Wednesday, January 11, 2012

Yearbook Fiasco: Scantilly Clad Young Woman

Our high school has garnered some notoriety as of late because the yearbook staff refused to include a photo for a student's senior picture. Rumor has it that this student turned in the photo just to make waves because she was angry with the administration over another matter, but looking at the photo in which she is scantilly clad may suggest otherwise. I've seen the shot, but will not link to it here because that would only further her attempt to gain as much publicity as possible. Suffice it to say that I would never, ever, allow one of my daughters to take such a photo never mind submitting it to the yearbook. It's provocative, in very poor taste, and looks like it belongs in a Playboy magazine.

She is crying that her right to self-expression has been violated. Her mother, who has apparently sought publicity herself on other occassions, has supported her daughter by holding posters and picketing at the high school. Her mother counters that none of her friends  find the photo offensive. Some men have commented that they find nothing offensive--well, of course they don't. It's a  photo of a half-naked teenage girl.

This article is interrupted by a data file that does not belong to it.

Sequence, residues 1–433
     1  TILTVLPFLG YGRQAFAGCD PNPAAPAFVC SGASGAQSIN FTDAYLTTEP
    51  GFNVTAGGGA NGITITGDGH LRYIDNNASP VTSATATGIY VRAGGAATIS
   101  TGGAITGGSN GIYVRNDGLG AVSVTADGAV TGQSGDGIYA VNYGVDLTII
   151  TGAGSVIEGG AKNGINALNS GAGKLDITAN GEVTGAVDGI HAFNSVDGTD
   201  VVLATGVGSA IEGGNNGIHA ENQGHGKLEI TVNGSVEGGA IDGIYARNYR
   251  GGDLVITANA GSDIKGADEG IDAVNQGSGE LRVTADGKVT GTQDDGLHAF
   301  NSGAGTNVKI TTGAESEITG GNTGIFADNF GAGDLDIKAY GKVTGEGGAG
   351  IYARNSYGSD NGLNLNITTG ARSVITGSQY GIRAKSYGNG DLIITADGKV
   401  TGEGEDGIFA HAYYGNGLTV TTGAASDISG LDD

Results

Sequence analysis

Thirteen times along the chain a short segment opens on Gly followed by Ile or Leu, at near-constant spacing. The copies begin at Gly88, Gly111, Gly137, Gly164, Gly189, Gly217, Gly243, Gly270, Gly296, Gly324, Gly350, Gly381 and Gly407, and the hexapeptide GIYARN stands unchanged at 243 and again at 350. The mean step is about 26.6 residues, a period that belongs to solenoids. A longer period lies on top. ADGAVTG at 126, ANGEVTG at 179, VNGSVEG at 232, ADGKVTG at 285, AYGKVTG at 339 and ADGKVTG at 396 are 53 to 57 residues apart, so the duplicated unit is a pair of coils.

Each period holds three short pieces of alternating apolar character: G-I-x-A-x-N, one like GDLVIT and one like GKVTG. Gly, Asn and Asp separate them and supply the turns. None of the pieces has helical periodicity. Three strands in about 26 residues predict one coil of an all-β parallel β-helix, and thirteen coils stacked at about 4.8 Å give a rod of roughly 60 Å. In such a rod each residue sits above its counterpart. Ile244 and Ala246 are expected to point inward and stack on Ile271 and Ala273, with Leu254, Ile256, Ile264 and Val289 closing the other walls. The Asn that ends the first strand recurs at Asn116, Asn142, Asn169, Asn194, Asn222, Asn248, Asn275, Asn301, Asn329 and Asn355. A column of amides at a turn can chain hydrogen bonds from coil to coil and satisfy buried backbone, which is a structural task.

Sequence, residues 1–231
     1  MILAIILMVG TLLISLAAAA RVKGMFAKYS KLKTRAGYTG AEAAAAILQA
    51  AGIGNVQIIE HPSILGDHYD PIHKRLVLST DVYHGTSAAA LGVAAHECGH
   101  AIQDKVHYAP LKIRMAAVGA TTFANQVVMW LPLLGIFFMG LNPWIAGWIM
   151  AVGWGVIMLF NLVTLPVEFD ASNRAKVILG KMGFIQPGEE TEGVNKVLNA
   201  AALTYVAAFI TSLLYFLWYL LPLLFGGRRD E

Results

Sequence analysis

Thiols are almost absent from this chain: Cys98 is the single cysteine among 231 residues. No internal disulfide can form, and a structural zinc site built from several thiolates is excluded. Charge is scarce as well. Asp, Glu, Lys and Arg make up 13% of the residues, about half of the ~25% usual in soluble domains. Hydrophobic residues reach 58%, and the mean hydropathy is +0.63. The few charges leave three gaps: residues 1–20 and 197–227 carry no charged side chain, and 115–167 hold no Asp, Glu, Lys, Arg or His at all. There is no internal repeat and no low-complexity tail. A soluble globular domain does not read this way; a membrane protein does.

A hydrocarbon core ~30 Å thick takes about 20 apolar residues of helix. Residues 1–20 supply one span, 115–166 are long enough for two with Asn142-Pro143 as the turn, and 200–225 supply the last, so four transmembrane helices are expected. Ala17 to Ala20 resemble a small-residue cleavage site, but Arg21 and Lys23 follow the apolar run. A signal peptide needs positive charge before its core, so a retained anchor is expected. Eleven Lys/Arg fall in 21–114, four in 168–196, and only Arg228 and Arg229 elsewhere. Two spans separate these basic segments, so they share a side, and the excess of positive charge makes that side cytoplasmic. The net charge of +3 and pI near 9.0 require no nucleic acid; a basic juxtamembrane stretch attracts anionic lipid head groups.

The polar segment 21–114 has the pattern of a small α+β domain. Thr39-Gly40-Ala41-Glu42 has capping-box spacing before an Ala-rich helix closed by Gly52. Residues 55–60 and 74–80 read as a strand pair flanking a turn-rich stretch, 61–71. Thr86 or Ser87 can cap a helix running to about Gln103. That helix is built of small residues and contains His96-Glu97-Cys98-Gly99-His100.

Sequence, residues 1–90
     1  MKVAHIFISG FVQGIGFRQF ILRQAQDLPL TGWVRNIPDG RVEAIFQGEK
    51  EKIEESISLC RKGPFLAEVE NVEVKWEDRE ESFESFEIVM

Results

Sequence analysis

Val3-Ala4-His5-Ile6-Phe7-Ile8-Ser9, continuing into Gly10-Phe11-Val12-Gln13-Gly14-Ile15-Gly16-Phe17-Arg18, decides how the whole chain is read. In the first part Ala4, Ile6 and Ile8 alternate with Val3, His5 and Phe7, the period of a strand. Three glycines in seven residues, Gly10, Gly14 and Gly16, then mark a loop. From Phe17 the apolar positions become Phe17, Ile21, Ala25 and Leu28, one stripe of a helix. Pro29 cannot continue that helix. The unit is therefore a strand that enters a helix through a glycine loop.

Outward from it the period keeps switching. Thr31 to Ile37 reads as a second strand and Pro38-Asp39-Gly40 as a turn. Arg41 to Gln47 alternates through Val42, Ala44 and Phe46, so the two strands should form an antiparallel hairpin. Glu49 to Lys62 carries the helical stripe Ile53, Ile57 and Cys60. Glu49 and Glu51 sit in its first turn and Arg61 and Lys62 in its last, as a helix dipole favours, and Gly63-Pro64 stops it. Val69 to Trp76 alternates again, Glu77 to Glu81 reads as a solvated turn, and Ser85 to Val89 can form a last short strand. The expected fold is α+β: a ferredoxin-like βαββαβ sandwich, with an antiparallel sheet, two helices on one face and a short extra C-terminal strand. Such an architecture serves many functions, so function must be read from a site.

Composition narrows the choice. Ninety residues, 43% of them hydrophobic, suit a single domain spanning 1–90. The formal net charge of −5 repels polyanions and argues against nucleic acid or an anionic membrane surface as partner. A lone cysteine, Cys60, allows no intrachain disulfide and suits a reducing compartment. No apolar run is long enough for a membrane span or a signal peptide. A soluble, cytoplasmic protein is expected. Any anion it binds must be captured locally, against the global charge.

I'm all for self-expression, but I believe there are limits. The yearbook is meant to be  a recounting of that year of high school. It should not be filled with titillating photos of young girls with only a shawl wrapped around their chests. It's in very bad taste to use a school yearbook to further a "modeling" career with a photo that seeks to elicit such base reactions.

The school, in its great wisdom and in an attempt to compromise, offered to let her put that picture in the back of the yearbook as a paid senior ad. Um, still completely inappropriate. If they allow such a photo for a senior ad, where will it stop? Will we have yet more provocative photos, perhaps showing two people in a compromising pose? If it comes to that, we will no longer purchase the yearbook.

The school administration needs to put its foot down and refuse to allow that photo in the yearbook. Period. I am not paying $50 per yearbook to see soft porn. Sorry.

I guess what baffles me is that her mother, a supposed adult, would allow her daughter to 1) take a photo like that, and 2) submit it to the yearbook. The student is young and immature and may not have the capacity to understand the implications, but her mother should.

So far, they have taken this to newspapers, The Today Show, and other publicity places. They plan to sue the school district. It's shameful, in my opinion. Why fight for such a degrading photo? Why allow your daughter to look like an object and diminish her as a young woman? Why focus on her sexuality?

It's embarrassing, really.

No comments: